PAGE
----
Your Ad Here

Monday, February 25, 2008

some more

String variables are used when a sequence of characters (any characters not to be treated as numbers) are required for display or program control.

String variables have several symbols in common with number variables.

"=" means the same as it does in numbers, "assign the value on the right to the variable on the left".

"==" means "is equal to" except the comparison is character by character rather than the numerical value. Examples:

var s = 'hi'; // assigns "hi" to variable s
s == 'hi'; // is true
s == 'hi ya'; // is false (is not exactly the same)
s == 'HI'; // is false ("==" is case sensitive)
s == 'bye'; // is false

The program code:

var s = 'hi';
if(s == 'hi') { document.write('The same!'); }

will print "The same!" on your page if the variable s contains 'hi'.

Another symbol that string and number variables have in common is the "+" symbol. For number variables, it means addition. However, for string variables it means concatenation:

var a = "Hello,";
var b = "world!";
var s = a + b;

stores the string "Hello,world!" in the variable s.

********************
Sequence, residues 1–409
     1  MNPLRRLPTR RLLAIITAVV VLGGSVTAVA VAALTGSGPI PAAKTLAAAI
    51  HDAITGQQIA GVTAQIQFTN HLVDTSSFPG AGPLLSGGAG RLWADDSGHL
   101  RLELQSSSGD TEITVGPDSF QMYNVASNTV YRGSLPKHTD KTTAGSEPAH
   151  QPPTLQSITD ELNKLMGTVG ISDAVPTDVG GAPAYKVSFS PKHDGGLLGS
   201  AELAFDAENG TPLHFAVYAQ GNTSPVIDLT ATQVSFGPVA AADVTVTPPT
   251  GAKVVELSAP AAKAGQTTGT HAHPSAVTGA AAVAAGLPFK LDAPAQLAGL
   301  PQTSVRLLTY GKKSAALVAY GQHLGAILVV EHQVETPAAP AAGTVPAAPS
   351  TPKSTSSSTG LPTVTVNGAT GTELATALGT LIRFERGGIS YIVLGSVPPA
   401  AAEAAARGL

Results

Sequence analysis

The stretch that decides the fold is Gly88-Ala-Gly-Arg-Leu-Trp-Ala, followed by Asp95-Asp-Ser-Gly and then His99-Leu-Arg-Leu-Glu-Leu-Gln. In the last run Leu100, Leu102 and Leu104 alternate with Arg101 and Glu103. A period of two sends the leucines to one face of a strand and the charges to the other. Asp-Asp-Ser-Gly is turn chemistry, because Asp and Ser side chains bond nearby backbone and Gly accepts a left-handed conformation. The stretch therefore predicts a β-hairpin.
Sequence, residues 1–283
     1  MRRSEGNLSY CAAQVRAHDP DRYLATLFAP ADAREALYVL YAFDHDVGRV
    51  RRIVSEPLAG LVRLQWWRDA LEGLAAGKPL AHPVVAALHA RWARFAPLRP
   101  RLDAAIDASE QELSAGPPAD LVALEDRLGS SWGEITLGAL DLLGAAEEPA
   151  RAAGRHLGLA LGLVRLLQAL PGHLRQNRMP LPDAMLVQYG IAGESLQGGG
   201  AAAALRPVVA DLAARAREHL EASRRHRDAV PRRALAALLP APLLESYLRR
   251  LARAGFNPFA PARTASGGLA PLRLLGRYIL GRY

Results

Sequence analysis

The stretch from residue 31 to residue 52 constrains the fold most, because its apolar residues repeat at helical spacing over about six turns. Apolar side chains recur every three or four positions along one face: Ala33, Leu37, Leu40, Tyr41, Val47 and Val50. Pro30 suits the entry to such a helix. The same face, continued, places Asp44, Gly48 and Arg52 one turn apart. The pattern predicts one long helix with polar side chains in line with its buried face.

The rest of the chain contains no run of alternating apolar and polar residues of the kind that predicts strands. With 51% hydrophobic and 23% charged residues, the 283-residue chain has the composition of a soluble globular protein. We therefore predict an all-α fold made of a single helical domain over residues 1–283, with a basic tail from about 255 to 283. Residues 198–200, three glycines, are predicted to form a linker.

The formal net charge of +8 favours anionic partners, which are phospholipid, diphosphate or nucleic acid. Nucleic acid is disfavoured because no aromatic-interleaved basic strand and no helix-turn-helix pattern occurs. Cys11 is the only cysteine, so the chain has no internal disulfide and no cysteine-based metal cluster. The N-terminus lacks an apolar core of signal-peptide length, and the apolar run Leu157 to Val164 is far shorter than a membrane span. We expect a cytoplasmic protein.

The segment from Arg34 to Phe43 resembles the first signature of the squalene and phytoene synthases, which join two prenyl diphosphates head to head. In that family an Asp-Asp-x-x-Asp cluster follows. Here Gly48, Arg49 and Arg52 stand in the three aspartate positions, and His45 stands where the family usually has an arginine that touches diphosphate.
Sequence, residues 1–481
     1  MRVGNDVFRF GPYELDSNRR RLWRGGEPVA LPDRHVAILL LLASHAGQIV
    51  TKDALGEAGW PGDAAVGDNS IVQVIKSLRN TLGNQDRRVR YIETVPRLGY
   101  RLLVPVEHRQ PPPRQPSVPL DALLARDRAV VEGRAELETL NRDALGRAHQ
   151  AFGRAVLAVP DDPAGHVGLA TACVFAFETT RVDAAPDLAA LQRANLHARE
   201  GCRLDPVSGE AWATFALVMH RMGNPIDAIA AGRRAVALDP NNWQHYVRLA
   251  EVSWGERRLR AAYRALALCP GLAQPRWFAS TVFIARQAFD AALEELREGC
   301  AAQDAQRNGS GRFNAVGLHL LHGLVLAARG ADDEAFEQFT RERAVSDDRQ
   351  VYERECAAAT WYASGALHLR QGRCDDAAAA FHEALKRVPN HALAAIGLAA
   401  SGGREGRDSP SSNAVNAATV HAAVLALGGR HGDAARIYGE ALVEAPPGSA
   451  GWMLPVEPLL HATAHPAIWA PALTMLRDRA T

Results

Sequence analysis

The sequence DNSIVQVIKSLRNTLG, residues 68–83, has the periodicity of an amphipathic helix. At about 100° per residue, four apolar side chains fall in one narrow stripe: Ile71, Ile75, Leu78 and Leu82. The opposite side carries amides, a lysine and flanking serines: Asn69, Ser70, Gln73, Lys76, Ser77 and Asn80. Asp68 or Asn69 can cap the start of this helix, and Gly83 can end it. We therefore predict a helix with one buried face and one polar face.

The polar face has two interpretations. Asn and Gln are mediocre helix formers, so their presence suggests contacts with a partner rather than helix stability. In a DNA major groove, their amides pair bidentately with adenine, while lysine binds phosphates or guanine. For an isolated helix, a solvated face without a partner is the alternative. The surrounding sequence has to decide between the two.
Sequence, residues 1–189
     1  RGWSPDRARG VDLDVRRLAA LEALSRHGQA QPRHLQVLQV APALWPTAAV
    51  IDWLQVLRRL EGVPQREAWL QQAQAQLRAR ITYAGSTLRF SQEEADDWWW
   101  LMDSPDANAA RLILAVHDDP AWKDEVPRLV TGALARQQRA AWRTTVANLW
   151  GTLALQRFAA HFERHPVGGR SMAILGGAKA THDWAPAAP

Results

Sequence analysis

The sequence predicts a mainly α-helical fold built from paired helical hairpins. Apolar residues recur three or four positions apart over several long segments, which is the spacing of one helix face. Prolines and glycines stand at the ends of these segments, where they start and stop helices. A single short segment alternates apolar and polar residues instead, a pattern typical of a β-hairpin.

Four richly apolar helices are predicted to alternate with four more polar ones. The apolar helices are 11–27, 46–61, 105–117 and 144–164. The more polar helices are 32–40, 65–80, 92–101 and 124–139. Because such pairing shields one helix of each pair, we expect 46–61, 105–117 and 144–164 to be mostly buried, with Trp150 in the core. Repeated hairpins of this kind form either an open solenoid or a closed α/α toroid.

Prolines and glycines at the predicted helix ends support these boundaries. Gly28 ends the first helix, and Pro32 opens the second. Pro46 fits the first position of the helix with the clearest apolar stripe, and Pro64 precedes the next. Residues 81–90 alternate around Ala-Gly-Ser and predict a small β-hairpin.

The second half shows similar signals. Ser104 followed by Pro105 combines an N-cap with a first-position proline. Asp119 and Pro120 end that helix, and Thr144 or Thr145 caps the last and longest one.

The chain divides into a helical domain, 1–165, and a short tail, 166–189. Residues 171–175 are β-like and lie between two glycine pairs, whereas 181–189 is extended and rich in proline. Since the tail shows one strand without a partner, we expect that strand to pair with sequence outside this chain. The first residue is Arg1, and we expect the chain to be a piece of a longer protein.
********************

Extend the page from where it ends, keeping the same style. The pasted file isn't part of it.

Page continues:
If you know ahead of time what the variables a and b will contain, you can accomplish the same thing with:

var s = "Hello," + "world!";

If you want a space in between, you could use either one of the following two lines:

var s = a + " " + b;
var s = "Hello," + " " + "world!";

With the above value in s, the code:

s = s + ' -- real loud :)';
document.write("My program says: " + s);

will print "My program says: Hello, world! -- real loud :)" on your page.

~~ ~~ Objects

An object can contain many variables and entire functions, and even other objects, within itself. In order to use the stuff in the object, the object must be assigned to a variable.

(Although you can make your own objects, this article deals only with objects that are built into the JavaScript language.)

To assign an object to a variable, the name of the object must have a pair of parenthesis at the end (which can have values in them, like functions) and you must use the word: new

~~ ~~ Date

Here is an example of assigning the Date object to a variable.

var d = new Date();

The variable d is now an object variable and has access to all the variables and functions within the object. To accomplish an access, type the object variable's name, then a period, then the name of the function or variable inside the object.

The following example will access several functions and store the results. Wherever you put the following code, it will print the current date and time on your page: